The Effects of Anaerobic Soil Disinfestation Treatments With Different Carbon Sources on Agrobacterium tumefaciens

Student Name: 
Shanti Gurbuxani
UCD Department: 
Plant Pathology Department
UCD Mentor: 
Daniel Kluepfel

As the worldwide restrictions for soil chemical fumigants increase, growers need alternatives to eradicate soilborne plant pathogens. Anaerobic soil disinfestation (ASD), developed in Japan and the Netherlands in the 2000s, is one of these alternative techniques that can control certain soilborne plant pathogens, plant-parasitic nematodes, and weeds in specialty crop systems. To utilize the technique, the soil has to have a carbon source applied, covered with plastic, and mixed with water to generate anaerobic conditions in the soil. The point of this experiment was to see the effects of different carbon sources such as ethanol, almond hulls, almond shells, and rice bran on the soilborne plant pathogen Agrobacterium tumefaciens, which causes crown gall disease in walnuts. The results showed that ethanol was the most effective ASD treatment at suppressing A. tumefaciens. However, the most anaerobic treatment was the almond shells, but it was also the treatment with the greatest abundance of A. tumefaciens. The anaerobic environment created by ASD may not be the only driving mechanism behind suppression of A. tumefaciens. The ethanol treatment did not have anaerobic conditions, but volatile compounds produced through ASD in the ethanol treatment could have suppressed the A. tumefaciens instead.

Modifications to Brush Border Enzyme Glycosylation Decreases Enzymatic Activity

Student Name: 
Sithara Menon
UCD Department: 
Vet Med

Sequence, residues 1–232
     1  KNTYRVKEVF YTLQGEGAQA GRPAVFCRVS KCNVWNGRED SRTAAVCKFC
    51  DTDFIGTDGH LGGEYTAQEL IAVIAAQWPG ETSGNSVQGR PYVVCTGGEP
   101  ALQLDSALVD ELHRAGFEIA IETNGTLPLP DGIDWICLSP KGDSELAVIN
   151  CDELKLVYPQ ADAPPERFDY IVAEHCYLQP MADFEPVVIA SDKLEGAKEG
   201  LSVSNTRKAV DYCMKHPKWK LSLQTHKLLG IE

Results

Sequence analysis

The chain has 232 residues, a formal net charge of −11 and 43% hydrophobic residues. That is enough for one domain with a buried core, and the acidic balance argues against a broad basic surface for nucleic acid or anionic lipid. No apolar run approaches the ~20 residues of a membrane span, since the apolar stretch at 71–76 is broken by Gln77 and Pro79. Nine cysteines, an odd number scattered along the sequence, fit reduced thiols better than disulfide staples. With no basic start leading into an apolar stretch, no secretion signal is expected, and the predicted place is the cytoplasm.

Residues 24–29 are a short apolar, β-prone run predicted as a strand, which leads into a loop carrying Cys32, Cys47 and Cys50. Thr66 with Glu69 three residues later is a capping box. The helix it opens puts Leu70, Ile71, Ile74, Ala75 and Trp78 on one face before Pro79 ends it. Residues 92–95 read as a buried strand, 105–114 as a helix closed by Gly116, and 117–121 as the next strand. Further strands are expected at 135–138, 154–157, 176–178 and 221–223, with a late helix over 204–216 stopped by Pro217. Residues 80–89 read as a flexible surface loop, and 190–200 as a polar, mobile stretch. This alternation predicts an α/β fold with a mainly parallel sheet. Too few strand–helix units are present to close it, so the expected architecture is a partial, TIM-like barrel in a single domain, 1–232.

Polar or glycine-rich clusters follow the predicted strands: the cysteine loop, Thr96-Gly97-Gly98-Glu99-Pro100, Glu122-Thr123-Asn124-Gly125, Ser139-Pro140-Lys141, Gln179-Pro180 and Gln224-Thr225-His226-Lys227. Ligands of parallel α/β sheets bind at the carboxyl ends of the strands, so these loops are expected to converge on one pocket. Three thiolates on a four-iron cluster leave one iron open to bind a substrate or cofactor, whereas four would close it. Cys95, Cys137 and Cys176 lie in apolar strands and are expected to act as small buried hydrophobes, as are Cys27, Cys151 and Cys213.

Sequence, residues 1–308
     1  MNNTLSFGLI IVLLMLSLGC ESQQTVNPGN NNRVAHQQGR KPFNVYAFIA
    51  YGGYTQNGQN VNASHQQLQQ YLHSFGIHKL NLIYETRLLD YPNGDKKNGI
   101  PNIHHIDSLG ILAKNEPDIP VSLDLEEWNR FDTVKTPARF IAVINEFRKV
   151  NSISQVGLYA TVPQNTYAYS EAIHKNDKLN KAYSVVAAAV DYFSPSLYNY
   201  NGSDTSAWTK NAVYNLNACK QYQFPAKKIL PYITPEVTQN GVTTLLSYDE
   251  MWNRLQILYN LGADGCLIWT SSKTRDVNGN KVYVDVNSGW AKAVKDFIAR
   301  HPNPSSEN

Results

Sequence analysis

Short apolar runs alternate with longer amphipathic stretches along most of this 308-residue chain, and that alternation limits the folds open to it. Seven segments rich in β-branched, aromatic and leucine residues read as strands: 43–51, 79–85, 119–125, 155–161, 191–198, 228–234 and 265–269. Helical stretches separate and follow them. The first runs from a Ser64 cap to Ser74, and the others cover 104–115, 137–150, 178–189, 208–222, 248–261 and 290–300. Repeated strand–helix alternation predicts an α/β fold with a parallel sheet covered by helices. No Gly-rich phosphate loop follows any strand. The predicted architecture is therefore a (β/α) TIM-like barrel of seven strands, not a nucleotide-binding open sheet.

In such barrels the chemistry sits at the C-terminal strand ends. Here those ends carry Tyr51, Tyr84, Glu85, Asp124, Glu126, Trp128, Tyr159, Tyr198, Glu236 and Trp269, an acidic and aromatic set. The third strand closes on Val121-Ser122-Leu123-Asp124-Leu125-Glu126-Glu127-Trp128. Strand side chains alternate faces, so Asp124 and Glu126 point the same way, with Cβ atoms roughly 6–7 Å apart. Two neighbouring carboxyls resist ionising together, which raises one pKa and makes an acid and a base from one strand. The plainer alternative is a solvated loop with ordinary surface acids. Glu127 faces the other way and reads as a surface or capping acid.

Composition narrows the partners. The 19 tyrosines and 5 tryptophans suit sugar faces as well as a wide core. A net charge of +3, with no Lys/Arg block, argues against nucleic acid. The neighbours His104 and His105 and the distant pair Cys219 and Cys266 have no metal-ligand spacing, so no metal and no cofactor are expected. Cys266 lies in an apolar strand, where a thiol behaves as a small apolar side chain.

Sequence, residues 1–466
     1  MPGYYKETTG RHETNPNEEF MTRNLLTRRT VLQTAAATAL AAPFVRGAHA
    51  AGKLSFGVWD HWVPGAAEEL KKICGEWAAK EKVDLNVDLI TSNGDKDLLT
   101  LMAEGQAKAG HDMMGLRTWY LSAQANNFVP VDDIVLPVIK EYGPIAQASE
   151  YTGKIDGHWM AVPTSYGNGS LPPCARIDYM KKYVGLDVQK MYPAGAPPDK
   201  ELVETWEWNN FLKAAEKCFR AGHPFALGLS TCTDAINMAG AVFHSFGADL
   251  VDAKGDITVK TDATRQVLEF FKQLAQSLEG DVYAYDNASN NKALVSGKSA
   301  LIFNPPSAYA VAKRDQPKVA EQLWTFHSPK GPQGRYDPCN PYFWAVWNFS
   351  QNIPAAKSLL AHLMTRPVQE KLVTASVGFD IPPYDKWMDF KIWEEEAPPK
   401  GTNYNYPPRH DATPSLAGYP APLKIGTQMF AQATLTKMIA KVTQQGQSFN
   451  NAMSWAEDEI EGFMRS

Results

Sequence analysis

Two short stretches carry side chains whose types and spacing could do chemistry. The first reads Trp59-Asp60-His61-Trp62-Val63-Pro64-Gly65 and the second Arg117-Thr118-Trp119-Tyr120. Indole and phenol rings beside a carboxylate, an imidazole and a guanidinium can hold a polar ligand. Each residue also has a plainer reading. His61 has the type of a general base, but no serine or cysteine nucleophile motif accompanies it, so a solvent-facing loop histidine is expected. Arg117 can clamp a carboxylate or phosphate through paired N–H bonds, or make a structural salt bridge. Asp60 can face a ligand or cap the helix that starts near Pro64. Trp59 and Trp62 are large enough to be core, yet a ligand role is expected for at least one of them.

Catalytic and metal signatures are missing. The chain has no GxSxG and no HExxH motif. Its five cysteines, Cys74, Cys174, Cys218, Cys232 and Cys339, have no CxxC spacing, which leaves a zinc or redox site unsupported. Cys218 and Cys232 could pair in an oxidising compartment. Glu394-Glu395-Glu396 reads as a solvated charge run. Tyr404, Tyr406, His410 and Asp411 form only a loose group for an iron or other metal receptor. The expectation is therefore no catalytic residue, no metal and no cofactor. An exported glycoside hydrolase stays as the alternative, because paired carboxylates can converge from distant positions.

UCD Mentor: 
Dr. Helen Raybould

Glycosylation is an important modification to cell surface proteins. The brush border of intestinal epithelial cells (IECs) contains many glycoproteins that are key to intestinal function. This study tested how changes to glycosylation affects the function of cell surface glycoproteins in IECs. Specifically, how removing N-glycans with exoglycosidases, such as those secreted by intestinal bacteria, affects the function of brush border enzymes, such as Intestinal Alkaline Phosphatase and Dipeptidyl Peptidase IV. This was tested in Caco-2 cells, a human cell line derived from colon adenocarcinomas that is used as a model for intestinal function. Caco-2 cells were cultured for 12 days, and their expression of IAP was tracked throughout the differentiation process. Once they were fully differentiated, the cells were then treated with glycosidases, and the enzymatic activity of IAP and DPP IV was measured. The results showed that changing the glycosylation caused enzymatic activity to decrease. Removing all the N-glycans with the glycosidase PNgase F decreased IAP activity to about 40 %, confirming that glycans are key to the function of the enzyme. Of the individual monosaccharides, removing mannose had the greatest effect, and removing sialic acid and fucose also affected the enzymatic activity. However, removing individual sugars did not cause any large decreases in activity, especially compared to removing the entire glycan.